(Last Updated on : 31/08/2013)
Historical buildings in Rajasthan are scattered throughout the state displaying the royal tradition. Once the land of the brave and aristocratic Rajputs it is dotted with forts, palaces, 'chhatris' and 'havelis'. Till date these historical buildings are thronged by numerous tourists who cannot stop appreciating these exquisite pieces of art. While most of these were dwelling places for the Rajasthani people they reflect the expert craftsmanship of that era. It also shows the superb artistic taste of the Rajasthani people.
The historical buildings in Rajasthan are defined by massive walls, strategic locations and grandeur. These were also the dwelling places for the royal families and 'nawabs'. During the hours of crisis the subjects also took shelter within the fortress. While most of the forts in Rajasthan are build in Rajasthani style some also mirror an amalgamation of Rajasthani and Mughal styles. This is referred to as Indo-Saracenic architecture. The tourists will come across the forts in almost all the parts of Rajasthan. The forts were built in different kinds of stones among which Amer Palace (Fort ), Jaigarh Fort ,Nahargarh Fort , Jaisalmer Fort , Junagarh Fort , Mehrangarh Fort and Kumbhalgarh Fort can be named.
The historical buildings in Rajasthan include palaces in Rajasthan that reflect the opulence with which the rulers in Rajasthan used to live their lives. The palaces were generally divided into several spacious parts. Largely these were divided into men's quarter and women's quarter. The medieval palaces had the defensive character of the Rajput constructions. These historical structures had narrow corridors, stairways, concealed passages and ramps. The usage of stone in creating these structures can also be seen. The making of frescos was also an indispensable part of the palaces in Rajasthan. Among the well admired and hugely visited palaces by the tourists are Amar Vilas of Udaipur, Hawa Mahal, Umaid Bhawan Palace of Jodhpur, City Palace of Jaipur, Taragarh Palace of Bundi, Padmini's Palace, Lalgarh Palace, Lake Palace, Fateh Prakash Palace and Rana Kumbha Palace in Chittorgarh and several other palaces in Rajasthan that testify for its grandeur and opulence.
The Chhatris or cenotaphs are also included in the list of the historical buildings in Rajasthan. These were built either at the funeral pyres or at the place of death of the Rajput warriors. This was a way of glorifying his death. Chhatris are elevated, dome-shaped pavilions used as an element in Indian architecture, or funerary sites in India. Chhatris are basic element of Hindu as well as Mughal architecture. The term "chhatri" connotes umbrella or canopies which are built on the cremation sites of wealthy or distinguished individuals in the Shekhawati region of Rajasthan. Some of the famous Chhatris in the Shekhawati region are Kirori, Jhunjhunu, Bissau, Churu, Parsurampura, Fatehpur, Ramgarh, Mukungarh, Mahansar, Udaipurwati and Dundlod.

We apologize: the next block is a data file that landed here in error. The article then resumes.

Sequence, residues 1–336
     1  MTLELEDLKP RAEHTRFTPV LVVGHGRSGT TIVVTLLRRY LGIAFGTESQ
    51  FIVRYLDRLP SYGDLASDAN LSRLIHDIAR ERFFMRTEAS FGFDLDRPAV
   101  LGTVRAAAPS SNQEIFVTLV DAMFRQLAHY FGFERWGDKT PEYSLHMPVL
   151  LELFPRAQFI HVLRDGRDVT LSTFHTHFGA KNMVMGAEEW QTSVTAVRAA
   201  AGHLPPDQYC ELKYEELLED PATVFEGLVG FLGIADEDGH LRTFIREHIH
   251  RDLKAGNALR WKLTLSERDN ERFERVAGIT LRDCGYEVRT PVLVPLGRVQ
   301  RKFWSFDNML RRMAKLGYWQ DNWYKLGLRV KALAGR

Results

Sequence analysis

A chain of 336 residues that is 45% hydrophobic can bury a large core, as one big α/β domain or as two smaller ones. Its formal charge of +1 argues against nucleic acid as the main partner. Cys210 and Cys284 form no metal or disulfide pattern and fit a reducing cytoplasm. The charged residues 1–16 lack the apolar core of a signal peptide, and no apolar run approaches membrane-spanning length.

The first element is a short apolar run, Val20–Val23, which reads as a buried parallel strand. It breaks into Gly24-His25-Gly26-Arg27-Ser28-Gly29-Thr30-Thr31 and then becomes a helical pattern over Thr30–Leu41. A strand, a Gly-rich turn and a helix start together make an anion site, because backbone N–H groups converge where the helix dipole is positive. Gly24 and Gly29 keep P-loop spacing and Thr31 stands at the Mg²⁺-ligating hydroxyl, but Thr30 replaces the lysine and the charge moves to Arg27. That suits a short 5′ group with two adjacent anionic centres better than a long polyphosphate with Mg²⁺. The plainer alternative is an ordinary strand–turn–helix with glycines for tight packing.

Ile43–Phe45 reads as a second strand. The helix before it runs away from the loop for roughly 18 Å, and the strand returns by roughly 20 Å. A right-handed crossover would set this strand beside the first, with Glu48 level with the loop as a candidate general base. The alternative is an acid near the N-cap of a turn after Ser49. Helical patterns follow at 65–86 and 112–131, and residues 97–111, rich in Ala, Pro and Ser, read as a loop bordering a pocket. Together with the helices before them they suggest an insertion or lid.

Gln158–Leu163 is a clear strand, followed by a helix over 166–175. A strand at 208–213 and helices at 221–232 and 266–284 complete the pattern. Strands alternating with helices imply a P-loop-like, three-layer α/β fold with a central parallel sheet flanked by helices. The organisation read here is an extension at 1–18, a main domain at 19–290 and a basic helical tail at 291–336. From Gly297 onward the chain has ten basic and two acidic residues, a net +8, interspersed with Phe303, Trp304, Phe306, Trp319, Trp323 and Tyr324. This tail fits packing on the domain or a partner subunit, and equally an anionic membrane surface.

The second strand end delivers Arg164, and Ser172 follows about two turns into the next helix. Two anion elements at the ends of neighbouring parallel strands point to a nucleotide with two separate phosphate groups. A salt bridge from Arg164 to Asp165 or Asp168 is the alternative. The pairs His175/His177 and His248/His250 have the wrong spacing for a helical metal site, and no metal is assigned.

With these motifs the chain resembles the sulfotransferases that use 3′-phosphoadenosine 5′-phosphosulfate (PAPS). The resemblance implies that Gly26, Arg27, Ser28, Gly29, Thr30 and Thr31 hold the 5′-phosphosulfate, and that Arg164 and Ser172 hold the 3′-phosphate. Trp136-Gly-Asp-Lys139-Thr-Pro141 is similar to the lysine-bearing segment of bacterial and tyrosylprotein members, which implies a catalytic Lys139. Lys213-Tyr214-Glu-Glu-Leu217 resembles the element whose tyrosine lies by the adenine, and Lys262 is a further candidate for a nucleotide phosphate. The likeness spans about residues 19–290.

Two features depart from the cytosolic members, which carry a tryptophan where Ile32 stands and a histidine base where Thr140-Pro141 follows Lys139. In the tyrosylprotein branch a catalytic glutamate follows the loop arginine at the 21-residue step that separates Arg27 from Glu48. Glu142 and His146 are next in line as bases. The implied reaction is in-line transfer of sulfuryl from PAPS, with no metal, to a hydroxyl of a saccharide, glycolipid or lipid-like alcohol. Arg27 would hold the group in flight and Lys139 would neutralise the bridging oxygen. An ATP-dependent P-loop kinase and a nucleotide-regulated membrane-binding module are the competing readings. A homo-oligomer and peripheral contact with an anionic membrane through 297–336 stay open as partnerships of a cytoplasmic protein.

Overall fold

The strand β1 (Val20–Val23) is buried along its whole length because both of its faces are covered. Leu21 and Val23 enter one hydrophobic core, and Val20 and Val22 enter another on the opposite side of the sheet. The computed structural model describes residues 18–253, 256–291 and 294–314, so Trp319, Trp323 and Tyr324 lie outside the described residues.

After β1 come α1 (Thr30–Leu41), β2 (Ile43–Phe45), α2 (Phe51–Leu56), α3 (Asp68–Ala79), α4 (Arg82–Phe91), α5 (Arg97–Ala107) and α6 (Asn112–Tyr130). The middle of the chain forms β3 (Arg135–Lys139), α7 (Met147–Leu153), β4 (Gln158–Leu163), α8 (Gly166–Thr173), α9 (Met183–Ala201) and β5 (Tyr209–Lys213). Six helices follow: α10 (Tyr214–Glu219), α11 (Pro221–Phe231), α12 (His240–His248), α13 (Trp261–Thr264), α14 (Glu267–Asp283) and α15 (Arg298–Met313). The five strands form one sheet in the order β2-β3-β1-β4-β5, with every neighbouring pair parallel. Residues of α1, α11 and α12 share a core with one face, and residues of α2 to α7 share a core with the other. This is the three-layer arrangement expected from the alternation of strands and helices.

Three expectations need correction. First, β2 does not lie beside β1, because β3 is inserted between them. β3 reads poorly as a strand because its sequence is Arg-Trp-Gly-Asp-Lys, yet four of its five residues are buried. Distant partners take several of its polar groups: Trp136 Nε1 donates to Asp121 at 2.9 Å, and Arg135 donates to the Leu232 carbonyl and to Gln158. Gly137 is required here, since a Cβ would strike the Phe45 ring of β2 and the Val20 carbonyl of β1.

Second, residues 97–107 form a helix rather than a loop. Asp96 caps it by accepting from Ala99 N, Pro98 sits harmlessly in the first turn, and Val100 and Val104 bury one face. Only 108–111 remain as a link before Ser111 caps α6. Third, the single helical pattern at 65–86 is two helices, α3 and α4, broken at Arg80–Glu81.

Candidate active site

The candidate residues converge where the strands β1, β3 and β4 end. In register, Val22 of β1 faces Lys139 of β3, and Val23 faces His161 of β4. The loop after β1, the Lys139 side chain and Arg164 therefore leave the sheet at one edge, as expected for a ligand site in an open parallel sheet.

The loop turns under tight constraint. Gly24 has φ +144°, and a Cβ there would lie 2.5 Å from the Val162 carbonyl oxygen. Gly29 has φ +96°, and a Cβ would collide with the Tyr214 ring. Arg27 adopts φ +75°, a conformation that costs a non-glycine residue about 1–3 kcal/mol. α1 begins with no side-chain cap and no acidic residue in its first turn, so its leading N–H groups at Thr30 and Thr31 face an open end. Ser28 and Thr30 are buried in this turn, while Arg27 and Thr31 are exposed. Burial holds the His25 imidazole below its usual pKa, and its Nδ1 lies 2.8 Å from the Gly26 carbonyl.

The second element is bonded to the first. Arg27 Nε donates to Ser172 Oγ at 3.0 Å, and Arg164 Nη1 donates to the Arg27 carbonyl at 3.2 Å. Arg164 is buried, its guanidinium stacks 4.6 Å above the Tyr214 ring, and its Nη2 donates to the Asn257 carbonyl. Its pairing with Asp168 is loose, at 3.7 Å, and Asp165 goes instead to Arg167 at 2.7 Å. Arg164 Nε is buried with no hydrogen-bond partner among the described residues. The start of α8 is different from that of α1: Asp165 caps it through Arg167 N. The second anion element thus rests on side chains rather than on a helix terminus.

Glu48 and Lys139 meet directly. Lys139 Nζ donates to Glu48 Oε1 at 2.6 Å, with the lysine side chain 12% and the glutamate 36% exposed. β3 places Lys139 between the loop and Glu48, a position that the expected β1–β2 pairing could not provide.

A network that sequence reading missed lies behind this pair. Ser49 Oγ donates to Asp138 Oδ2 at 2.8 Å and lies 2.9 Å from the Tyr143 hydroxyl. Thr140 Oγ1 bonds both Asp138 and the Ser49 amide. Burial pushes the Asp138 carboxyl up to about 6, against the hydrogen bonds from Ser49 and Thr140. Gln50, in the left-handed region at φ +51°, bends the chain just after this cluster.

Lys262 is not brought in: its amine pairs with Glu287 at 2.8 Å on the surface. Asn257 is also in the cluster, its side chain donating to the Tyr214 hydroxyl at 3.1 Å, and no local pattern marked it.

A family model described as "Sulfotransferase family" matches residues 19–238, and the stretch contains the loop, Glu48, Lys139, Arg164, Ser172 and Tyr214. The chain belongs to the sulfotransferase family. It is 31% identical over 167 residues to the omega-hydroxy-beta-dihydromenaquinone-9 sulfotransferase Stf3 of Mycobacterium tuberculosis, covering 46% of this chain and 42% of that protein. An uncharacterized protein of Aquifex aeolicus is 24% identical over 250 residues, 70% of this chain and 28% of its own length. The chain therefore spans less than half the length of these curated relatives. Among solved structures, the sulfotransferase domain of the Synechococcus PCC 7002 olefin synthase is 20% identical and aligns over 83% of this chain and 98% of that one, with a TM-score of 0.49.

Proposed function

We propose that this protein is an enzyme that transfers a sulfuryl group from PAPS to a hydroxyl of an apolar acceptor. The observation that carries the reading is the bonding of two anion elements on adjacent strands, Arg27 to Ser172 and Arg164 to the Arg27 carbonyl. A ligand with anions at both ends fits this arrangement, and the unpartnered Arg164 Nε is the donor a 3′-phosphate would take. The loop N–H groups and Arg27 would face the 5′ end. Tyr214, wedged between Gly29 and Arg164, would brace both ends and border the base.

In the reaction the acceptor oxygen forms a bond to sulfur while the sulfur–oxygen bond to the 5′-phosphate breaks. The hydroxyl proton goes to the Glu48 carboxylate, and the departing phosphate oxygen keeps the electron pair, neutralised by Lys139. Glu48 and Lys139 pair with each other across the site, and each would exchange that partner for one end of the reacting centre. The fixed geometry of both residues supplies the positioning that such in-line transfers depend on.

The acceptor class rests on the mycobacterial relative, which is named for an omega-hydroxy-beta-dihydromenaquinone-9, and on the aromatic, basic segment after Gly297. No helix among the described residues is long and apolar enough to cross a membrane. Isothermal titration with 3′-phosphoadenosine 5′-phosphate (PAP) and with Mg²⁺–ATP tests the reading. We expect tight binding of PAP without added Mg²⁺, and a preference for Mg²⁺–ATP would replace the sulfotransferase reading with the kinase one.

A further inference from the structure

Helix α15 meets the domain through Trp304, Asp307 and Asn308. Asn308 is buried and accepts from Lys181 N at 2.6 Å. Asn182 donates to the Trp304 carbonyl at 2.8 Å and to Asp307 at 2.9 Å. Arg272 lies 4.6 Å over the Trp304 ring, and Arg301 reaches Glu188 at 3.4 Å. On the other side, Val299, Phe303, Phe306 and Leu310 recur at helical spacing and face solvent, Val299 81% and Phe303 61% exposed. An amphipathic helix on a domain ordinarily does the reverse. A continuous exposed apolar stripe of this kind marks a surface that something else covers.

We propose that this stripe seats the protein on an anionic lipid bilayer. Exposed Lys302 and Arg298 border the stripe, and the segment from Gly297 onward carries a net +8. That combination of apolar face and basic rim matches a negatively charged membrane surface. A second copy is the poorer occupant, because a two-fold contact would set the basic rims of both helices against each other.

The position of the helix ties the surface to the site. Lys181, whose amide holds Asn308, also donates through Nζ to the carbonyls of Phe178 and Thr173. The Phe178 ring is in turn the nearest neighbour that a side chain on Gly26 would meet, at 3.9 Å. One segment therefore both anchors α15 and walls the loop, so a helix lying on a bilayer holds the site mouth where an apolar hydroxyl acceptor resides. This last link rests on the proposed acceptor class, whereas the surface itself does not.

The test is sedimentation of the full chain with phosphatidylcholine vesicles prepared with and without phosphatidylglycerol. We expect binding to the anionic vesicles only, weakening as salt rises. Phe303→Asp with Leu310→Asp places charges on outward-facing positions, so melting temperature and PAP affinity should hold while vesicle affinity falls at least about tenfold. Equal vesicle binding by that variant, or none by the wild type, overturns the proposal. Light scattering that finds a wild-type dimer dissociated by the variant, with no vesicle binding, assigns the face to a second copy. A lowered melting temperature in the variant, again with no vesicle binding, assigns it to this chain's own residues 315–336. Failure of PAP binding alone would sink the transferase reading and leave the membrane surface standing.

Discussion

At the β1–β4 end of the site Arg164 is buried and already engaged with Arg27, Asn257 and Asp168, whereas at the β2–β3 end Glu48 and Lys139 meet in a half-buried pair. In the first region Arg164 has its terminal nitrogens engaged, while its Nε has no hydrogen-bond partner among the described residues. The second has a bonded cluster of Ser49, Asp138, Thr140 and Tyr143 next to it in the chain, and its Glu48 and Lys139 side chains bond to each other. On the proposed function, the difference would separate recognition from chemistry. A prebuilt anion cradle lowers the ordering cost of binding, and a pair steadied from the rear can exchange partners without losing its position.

The tradition of Rajasthan enabled constructing 'havelis' which were the residences of the Marwaris or traders that were beautifully designed by the professional artisans and several of these fine sandstone buildings are still in good condition. Some of the most renowned 'havelis' of Rajasthan are Salim Singh-Ki-Haveli which was built about 300 years ago, Patwon-Ki-Haveli that is one of the largest and most elaborate houses in Jaisalmer and is five storey high and extensively carved. Another work of art that has been ostentating the tradition of Rajasthan is Nathmalji-Ki-Haveli which was built in late 19th century.
The historical buildings in Rajasthan flaunt the rich heritage and tradition of the princely state. It has also to display the intricate work of art that has been depicting the magnificence of history and serving as the prominent landmarks and important monuments of Rajasthan.